Google turns traffic and link patterns generated by 2 billion searches a month 
into the organising intelligence for a new economy.

No web phenomenon is more confounding than blogging. Everything media experts 
knew about audiences - and they knew a lot - confirmed the focus group belief 
that audiences would never get off their butts and start making their own 

What a shock, then, to witness the near-instantaneous rise of 50 million blogs, 
with a new one appearing every two seconds. These user-created channels make no 
sense economically. Where are the time, energy and resources coming from?

The audience.

I run a blog about cool tools. The web extends my passion to a far wider group 
for no extra cost or effort. My site is part of a vast and growing gift 
economy, a visible underground of valuable creations - free on inquiry. This 
spurs the grateful to reciprocate. It permits easy modification and re-use, and 
thus promotes consumers into producers.

The electricity of participation nudges ordinary folk to invest huge hunks of 
energy and time into making free encyclopedias or creating public tutorials for 
changing a flat tyre. A study found that only 40 per cent of the web is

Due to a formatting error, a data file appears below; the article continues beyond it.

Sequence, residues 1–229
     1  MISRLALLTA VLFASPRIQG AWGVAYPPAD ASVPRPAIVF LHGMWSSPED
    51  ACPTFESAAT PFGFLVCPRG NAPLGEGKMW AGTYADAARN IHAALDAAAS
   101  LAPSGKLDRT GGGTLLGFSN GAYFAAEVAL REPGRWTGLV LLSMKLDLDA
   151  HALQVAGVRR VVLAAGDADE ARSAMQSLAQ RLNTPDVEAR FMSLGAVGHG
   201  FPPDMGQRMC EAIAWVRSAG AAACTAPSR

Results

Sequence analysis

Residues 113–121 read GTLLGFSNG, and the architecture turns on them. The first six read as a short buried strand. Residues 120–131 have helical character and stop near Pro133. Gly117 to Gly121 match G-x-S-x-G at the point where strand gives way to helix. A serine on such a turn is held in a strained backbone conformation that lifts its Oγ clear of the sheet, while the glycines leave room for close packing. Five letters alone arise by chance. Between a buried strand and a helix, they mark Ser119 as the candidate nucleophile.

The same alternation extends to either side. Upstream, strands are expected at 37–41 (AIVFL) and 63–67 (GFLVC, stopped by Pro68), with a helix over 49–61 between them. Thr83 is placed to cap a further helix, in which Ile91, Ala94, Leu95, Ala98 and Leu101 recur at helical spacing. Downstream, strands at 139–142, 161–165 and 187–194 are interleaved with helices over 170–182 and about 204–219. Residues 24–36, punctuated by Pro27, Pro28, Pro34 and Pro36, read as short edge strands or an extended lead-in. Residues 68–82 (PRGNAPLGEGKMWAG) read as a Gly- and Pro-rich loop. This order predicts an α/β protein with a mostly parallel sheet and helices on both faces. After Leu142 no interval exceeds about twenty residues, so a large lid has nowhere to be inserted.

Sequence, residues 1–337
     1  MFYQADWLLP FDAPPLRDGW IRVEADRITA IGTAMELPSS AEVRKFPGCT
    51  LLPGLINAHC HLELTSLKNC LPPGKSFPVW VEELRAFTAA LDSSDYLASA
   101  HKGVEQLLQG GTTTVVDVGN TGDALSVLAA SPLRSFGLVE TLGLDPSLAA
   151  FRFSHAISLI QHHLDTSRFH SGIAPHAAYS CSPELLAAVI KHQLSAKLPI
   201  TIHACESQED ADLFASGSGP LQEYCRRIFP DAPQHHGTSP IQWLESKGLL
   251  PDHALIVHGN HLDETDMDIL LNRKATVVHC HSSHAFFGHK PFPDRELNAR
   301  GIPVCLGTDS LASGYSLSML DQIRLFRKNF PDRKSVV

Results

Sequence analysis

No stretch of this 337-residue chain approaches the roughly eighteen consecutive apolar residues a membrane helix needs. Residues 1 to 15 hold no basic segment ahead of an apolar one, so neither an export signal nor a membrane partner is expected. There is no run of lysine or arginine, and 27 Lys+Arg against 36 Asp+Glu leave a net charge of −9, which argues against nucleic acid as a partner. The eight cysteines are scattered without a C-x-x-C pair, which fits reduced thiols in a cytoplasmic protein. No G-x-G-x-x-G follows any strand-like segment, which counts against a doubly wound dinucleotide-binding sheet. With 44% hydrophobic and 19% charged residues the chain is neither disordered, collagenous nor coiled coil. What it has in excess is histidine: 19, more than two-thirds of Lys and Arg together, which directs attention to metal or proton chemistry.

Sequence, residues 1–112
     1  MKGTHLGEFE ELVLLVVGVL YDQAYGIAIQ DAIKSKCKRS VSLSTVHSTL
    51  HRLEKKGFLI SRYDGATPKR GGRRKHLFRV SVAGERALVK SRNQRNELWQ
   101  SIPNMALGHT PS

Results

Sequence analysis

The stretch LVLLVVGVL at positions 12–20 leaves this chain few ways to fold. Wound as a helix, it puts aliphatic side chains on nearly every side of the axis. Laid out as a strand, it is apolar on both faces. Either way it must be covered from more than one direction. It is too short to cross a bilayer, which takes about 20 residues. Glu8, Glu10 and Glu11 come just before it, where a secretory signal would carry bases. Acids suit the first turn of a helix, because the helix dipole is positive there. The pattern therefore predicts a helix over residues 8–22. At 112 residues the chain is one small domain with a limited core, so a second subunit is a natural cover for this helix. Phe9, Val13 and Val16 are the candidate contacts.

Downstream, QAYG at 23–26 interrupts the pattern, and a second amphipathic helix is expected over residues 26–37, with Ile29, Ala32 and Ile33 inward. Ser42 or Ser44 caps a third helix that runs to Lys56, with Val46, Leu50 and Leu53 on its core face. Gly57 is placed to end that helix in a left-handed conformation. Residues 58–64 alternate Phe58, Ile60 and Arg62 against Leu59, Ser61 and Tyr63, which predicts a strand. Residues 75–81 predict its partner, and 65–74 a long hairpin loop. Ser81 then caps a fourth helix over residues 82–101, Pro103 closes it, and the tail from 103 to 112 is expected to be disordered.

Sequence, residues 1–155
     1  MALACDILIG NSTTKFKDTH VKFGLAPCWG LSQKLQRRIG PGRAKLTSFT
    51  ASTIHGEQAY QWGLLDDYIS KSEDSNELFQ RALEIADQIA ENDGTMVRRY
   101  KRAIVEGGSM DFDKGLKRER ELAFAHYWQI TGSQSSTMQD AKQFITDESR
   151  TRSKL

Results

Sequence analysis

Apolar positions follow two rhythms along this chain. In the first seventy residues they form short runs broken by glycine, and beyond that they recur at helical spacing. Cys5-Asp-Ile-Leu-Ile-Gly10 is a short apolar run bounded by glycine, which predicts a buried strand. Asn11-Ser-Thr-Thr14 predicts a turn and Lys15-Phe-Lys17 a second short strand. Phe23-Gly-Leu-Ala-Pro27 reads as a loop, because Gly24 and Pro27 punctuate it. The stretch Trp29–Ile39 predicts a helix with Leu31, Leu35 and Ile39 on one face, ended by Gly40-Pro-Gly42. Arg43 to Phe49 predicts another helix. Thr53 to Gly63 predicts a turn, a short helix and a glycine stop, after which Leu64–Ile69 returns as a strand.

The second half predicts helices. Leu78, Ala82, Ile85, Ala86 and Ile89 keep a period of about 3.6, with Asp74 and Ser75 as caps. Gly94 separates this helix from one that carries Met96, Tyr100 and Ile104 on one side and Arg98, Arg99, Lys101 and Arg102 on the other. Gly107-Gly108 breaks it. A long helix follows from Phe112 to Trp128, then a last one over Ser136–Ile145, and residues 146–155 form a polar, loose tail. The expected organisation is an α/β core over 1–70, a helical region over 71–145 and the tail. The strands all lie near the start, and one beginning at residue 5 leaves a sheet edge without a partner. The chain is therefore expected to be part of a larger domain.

commercial. The rest runs on duty or passion.

This follows the industrial age, by the way, when mass-produced goods 
outclassed anything you could make yourself. The impulse for participation has 
up-ended the economy and is steadily turning the sphere of social networking 
into the main event.

Once, we, the public, just about only uploaded. Today, the poster child of the 
new internet regime is BitTorrent, under which users upload stuff while they 
are downloading. It assumes participation.

And the web embeds itself into every class, occupation and region. Everyone 
missed the 2002 flip-point when women online suddenly outnumbered men. The 
average user is now a 41-year-old woman.

What could be a better mark of irreversible acceptance than adoption by the 
technology-reluctant American rural sect, the Amish?

On a visit recently, I was amazed to hear some Amish farmers mention their 

"Amish websites?" I asked.

"For advertising our family business. We weld barbecue grills in our shop."

"Yes, but . . ."